To adopt a static time frame for when solutions should be replaced, doesn't account for the scant water uptake from the few leaves found on small seedlings at the start of a crop, compared to the demanding water uptake of what those seedlings will become after 60 days once they possess the thousands of leaves typical of some matured crops. Nor does it account for those gardens using a reservoir size that is undersized for the amount of growth it supports, while other gardens might be using oversized reservoirs. Someone using the "replace it every week or two" method with an undersized reservoir might be safe when a crop is new but not be as safe as he thought once the crop has matured, while someone using an oversized reservoir may be needlessly performing six or more solution changes over a twelve week crop when he could get the same results doing only three changes.
Clearly, time alone doesn't answer to all the variables taking place between different gardens or the growth stages those gardens are in at any given time. In other words, this method is tied to the calendar, not to the plants. I suppose it should be mentioned that I have seen some fertilizer labels suggesting very strong mixes to be replaced at unusually frequent intervals for the strength of the mix. While it's unlikely that crop damage would result from following such instructions, one can only wonder if such labeling suggestions are an honest effort to simplify use of the product or to bolster sales for it, or both.
Water uptake based management determines the useful life to end at a point where the original volume has been completely replaced by plain water add backs. For example, when a 25 gallon reservoir has had 25 gallons of water added back to it. This is sometimes also referred to as the 100% add back point. As you add back plain water, simply make note of the quantity and replace the solution when the total quantity of all add backs equals the reservoir capacity.
In case you haven't noticed, the determining factors behind a reservoir's useful life can all be traced back to the rate of water uptake, which is directly tied to the current demands of the crop. These demands will constantly increase as plants slowly fill their allotted space, often taking sixty or more days and spanning multiple growth stages before peak water uptake is eventually seen by the reservoir for the first time. As more water is being used by the plants, more nutrients are being removed from the nutrient solution, this naturally affects the nutrient balance in the remaining solution. In essence, the nutrient balance is also being controlled by the rate of water uptake. Simply put, a fuller garden space uses more nutrients because it uses more water. So what we have here is a direct relationship between solution volume maintenance (add backs) and pH/TDS maintenance.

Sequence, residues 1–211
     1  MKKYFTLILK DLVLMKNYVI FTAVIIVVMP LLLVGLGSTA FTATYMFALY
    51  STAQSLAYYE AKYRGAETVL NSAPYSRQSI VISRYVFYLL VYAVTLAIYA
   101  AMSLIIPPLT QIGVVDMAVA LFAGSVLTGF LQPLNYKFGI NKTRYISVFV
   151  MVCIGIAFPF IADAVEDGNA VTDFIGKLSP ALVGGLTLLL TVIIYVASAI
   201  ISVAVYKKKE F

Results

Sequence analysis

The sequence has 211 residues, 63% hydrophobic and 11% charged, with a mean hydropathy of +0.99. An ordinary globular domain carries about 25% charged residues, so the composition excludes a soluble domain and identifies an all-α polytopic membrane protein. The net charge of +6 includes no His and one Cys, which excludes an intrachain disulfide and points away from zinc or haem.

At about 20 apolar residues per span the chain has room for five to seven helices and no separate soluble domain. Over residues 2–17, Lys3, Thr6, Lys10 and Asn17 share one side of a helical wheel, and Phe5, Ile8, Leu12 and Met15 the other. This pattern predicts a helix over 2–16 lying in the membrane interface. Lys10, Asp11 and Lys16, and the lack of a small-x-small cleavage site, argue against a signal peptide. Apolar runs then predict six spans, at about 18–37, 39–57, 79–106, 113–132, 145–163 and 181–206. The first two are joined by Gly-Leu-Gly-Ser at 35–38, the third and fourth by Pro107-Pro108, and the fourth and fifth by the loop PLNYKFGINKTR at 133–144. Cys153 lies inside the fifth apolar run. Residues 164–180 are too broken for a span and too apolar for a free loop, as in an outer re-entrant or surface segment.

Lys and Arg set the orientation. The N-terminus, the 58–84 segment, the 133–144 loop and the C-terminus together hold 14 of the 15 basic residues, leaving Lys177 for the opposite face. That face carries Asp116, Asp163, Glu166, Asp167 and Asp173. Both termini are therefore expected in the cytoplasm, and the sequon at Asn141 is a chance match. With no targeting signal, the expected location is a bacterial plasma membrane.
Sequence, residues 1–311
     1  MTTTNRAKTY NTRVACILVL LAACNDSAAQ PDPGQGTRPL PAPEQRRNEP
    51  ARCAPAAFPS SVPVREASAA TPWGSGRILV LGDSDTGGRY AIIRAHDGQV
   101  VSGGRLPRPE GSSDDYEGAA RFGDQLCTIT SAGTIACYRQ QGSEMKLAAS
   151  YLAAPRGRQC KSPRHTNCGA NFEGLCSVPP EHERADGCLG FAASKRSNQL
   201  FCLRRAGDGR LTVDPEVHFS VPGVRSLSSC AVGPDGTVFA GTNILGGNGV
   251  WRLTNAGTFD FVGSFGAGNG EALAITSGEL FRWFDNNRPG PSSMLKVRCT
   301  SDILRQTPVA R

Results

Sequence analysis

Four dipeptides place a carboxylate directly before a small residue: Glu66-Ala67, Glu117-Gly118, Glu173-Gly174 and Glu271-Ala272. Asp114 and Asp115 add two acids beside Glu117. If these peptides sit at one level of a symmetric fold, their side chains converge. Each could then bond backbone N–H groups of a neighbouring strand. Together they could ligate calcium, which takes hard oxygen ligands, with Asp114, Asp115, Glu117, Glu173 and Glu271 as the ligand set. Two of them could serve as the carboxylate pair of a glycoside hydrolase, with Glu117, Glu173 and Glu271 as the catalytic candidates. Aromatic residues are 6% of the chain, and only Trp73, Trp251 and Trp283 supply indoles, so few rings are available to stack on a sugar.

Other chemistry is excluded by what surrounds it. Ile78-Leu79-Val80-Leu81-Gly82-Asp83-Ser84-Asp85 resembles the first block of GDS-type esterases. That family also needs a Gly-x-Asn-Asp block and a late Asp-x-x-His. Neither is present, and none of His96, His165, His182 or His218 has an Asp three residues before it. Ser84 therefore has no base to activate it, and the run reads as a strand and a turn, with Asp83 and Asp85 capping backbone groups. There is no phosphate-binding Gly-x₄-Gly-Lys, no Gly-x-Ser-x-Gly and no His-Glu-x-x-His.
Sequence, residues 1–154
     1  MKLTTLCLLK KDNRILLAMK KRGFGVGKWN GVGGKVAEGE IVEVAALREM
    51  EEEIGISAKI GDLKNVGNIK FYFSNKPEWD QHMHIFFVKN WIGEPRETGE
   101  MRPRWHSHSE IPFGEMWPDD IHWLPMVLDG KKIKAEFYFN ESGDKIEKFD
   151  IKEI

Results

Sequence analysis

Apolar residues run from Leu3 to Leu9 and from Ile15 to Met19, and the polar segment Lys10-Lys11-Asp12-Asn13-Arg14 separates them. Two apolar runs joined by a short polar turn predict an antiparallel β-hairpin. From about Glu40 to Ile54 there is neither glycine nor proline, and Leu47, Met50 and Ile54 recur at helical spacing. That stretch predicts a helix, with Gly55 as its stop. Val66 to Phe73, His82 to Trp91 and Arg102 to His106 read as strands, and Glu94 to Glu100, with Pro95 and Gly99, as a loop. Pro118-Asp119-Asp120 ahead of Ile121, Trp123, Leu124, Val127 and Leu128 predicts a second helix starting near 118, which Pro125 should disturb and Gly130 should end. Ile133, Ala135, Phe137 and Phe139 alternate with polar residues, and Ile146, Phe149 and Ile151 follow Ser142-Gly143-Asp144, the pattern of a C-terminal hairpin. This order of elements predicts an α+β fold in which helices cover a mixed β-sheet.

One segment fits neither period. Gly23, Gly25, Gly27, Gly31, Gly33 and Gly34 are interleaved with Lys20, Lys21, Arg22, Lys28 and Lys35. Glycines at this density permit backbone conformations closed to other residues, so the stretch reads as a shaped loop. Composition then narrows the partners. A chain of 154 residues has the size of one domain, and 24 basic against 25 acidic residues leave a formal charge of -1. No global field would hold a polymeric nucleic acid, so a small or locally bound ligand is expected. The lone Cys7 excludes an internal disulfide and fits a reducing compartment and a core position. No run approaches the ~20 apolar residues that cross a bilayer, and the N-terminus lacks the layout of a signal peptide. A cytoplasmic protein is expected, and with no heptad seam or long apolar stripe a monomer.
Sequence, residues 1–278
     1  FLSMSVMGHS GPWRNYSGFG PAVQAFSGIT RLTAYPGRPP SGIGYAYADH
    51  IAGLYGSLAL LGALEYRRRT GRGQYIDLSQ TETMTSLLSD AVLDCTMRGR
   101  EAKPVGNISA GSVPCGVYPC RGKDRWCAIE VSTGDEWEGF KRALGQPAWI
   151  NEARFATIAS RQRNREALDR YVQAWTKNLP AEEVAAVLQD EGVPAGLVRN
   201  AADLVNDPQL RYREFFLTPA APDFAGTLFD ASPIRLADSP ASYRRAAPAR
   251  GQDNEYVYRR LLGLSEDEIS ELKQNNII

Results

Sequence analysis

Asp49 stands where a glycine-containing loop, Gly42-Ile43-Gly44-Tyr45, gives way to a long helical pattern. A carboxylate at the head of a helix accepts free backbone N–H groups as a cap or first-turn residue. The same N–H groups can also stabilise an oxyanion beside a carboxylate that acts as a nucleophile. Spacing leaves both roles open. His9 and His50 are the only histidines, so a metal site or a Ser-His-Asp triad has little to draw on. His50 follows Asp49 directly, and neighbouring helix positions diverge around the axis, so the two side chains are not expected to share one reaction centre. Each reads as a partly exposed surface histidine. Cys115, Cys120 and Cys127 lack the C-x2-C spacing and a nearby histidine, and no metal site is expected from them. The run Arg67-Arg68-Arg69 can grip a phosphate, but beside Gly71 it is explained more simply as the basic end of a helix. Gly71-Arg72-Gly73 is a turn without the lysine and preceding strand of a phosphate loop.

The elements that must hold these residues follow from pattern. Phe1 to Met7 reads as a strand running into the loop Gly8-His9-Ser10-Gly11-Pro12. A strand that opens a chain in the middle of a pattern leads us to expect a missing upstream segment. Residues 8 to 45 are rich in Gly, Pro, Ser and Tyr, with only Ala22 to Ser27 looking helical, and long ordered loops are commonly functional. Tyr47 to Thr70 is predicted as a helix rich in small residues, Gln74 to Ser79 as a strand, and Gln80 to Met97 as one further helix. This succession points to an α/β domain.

When that relationship between volume and pH/TDS maintenance is recognized, a grower can take advantage of repeat labor savings if he adopts a proactive approach to managing his nutrient solution rather than reacting to its changes. The idea being to eliminate the work of several mid-stream pH/TDS correction adjustments by accounting for future corrections at the same time the solution mix is being prepared - and while tools and products are already in use. Although this requires advanced knowledge or experience needed to predict how a working solution will change over time, the long term labor & time savings from obtaining such knowledge is significant. Not only is the proactive payback repeated with each solution mix, but crop after crop as well.
Formulating a starting solution mix in concert with the unique properties of your source water, while at the same time anticipating changes in the solution, can allow you to run a nutrient solution without making any secondary pH/TDS correction adjustments during the entire life of that solution, thus limiting your maintenance to only the unavoidable plain water add backs. For example, an alkaline source water will tend to produce an alkaline solution as more and more of it is added back to the reservoir over time. You can avoid correcting unacceptably high pH levels that occur later during a solutions' life by adjusting its starting pH a bit lower to compensate. Similarly, to keep the ending TDS of a solution from falling below the nominal threshold for a given crop, you can adjust the starting TDS a bit higher to compensate. The advantages of making all corrections at one sitting are obvious, and speaks strongly to the gardeners' economy of labor. It's not all that different from making the kids pee before they get in the car for that long drive!
Some things to consider about a water uptake based strategy and proactive management.....
Water uptake based management self-adjusts to the stage of growth and environmental variables affecting water use.
At a reservoir size of 3 gallons/sq ft....
- solution life at peak crop water demand (when plants are largest)
lasts appx 15-20 days
- solution life at new crop water demand (when plants are smallest) lasts appx 35-50 days
- 90 day crops seldom require more than 3 reservoir changes
Reservoir life ends with a TDS of approximately 75% that of the starting TDS (depending on source water)
- minus 25% TDS tends to coincide with the point at which buffering power is about to be lost and pH begins to become unstable
When proactively adding back plain water....
- time spent mixing nutrients or making pH/TDS adjustments is limited to only
the original mixing session.
- anyone who can pour water to a full line can maintain a crop in your absence.